Whiplash associated disorder (WAD) is a term used to describe the collection of symptoms associated with an injury of the neck usually sustained in an accident. Whiplash and whiplash associated disorder are often terms used with the intention of equivalent meaning, however whiplash refers to the mechanism of the injury instead of symptoms present whereas WAD is a range of neck-related clinical symptoms which are usually chronic in nature. Both conditions are common and are usually the result of sudden acceleration-deceleration movements most commonly following the involvement in a motor vehicle or sporting accident.
Whiplash is one of the most controversial musculoskeletal conditions as a precise anatomical diagnosis is usually unachievable. There are 4 grades of whiplash depending on the severity, pathology, signs and symptoms present. Neck pain is the most common indicator of a whiplash injury, other symptoms include stiffness of the neck, headache, visual disturbances, shoulder pain and pain, numbness, tingling or weakness in one or both arms. For some whiplash patients their symptoms become debilitating and progressively worse, for these patients their condition develops into a whiplash-associated disorder. Psychosocial symptoms such as depression, anxiety and fear can also be seen in patients with a whiplash injury as well as psychological factors surrounding the accident itself. Anyone who has already sustained a neck-related injury in the past is more susceptible to whiplash.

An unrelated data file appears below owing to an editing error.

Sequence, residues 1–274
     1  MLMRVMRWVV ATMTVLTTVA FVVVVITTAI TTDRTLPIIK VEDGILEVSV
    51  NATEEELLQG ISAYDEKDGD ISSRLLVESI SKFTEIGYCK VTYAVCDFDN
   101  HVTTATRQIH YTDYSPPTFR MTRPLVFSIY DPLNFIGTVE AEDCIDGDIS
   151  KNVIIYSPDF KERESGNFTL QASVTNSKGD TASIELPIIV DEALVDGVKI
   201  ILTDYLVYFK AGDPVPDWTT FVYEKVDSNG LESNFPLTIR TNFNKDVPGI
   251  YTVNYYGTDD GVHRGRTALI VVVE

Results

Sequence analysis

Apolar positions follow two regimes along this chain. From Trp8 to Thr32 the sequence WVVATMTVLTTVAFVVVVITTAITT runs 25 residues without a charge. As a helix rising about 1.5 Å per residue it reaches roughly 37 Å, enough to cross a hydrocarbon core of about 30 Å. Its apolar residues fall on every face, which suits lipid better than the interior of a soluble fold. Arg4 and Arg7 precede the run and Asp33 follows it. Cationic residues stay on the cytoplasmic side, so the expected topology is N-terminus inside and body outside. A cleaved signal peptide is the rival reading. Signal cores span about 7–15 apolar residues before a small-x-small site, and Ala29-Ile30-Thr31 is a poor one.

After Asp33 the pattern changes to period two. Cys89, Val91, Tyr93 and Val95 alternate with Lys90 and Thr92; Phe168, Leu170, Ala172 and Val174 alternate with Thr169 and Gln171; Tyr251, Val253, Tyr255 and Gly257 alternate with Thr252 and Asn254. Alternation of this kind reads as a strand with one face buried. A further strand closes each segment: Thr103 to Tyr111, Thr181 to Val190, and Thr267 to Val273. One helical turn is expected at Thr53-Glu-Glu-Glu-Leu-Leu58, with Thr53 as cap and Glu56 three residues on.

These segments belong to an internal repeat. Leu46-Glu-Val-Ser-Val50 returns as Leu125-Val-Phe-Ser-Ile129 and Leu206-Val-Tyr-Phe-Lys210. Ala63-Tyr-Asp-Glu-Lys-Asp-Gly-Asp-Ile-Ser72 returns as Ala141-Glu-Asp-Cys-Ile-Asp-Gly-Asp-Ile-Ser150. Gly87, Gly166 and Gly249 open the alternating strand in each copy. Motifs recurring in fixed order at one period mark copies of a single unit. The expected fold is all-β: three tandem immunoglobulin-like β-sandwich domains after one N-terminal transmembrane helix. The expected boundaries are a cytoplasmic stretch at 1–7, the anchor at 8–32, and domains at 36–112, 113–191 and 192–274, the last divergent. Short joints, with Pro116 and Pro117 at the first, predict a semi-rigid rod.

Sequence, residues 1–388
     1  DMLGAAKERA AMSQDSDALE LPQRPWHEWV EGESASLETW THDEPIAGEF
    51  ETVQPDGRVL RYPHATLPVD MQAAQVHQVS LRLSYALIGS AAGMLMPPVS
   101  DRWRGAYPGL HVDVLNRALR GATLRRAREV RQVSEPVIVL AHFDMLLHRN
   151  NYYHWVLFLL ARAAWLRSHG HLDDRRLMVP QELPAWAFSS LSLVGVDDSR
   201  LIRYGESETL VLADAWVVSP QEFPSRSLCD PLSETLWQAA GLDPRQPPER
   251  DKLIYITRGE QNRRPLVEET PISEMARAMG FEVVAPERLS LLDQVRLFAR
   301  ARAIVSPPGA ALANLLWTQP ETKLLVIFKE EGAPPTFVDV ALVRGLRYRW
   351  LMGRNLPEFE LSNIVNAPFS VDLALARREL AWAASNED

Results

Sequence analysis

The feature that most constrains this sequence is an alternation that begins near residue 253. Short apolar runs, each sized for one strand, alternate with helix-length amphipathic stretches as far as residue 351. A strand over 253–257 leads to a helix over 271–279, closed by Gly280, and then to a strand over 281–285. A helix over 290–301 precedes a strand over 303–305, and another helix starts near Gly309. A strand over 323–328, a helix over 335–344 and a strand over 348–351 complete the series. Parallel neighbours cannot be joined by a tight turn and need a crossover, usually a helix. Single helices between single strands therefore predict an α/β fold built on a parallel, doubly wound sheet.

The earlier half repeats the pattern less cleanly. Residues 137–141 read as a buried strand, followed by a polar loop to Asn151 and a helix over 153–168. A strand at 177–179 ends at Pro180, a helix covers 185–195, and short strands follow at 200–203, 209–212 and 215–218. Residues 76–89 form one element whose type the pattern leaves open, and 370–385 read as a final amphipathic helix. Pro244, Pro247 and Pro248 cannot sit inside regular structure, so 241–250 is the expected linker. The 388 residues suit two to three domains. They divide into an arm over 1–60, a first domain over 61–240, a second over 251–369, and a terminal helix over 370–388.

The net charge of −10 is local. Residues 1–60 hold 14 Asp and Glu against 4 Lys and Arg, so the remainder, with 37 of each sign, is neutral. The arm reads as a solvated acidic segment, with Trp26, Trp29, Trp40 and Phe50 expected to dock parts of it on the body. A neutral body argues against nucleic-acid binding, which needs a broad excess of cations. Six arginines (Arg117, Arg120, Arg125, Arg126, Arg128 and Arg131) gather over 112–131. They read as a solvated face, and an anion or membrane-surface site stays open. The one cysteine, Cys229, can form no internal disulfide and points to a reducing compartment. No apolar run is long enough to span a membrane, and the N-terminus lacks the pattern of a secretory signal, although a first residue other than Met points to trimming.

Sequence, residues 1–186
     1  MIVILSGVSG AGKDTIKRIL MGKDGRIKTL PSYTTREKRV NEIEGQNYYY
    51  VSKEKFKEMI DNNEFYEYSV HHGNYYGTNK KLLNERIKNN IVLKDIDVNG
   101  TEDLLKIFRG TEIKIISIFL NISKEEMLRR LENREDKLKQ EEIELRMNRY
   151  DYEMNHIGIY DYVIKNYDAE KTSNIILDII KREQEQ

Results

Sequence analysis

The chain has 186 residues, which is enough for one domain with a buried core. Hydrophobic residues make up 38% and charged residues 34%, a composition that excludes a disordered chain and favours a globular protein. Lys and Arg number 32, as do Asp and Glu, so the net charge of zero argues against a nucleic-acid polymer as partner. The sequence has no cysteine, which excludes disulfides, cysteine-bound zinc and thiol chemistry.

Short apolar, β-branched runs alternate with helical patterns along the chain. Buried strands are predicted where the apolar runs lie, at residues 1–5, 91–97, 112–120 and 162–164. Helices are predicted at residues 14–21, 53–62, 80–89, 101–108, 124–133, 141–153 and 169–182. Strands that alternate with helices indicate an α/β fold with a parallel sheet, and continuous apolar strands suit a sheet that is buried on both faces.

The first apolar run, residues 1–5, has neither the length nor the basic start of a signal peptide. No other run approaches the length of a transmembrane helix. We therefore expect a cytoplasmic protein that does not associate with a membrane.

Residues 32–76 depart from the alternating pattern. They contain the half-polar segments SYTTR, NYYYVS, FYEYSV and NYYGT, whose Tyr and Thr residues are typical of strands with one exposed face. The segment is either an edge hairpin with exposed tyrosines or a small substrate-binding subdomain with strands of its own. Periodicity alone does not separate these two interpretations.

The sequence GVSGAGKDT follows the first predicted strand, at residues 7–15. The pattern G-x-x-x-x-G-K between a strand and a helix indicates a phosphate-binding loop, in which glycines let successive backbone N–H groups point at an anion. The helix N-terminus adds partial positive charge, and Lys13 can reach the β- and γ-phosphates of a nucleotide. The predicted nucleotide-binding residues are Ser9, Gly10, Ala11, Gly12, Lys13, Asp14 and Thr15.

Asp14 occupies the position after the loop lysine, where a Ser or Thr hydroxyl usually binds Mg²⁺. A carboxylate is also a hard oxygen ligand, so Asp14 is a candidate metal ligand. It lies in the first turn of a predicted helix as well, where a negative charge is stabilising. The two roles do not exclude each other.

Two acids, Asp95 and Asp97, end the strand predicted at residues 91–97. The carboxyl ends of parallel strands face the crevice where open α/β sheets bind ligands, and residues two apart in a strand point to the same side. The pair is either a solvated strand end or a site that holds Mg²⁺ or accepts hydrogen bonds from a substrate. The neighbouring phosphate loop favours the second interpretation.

For many reasons whiplash injuries can be difficult to treat. Factors such as severity and presence of pain symptoms, interactions of psychological, legal, and physical factors can impact the time to recovery and the effectiveness of treatment methods. Most recent studies suggest active treatment, early mobilization and a gradual exercise programme lead to improved outcomes compared to treatment options which include motion restriction and rest. An exercise programme incorporating specific neck range of motion, strengthening, and stretching exercises can assist with recovery of a whiplash injury. Studies also suggest an early intervention and exercise can reduce pain intensity, improve functional capacity, reduce absences from work and improve range of motion of the neck to pre-injury levels. In patients with chronic whiplash and whiplash-associated disorders exercise, early mobilisation and returning to activity improved long-term outcomes. Overall, recovery times can vary due to the interactions of many factors, however early intervention and exercise can offer the best chance for recovery.
Accredited Exercise Physiologist (AEP) (ESSAM)
Michele Sterling (2011) Whiplash-associated disorder: musculoskeletal pain and related clinical findings, Journal of Manual & Manipulative Therapy, 19:4, 194-200, DOI: 10.1179/106698111X13129729551949
Yadla, S., Ratliff, J. K., & Harrop, J. S. (2008). Whiplash: diagnosis, treatment, and associated injuries. Current reviews in musculoskeletal medicine, 1(1), 65-68.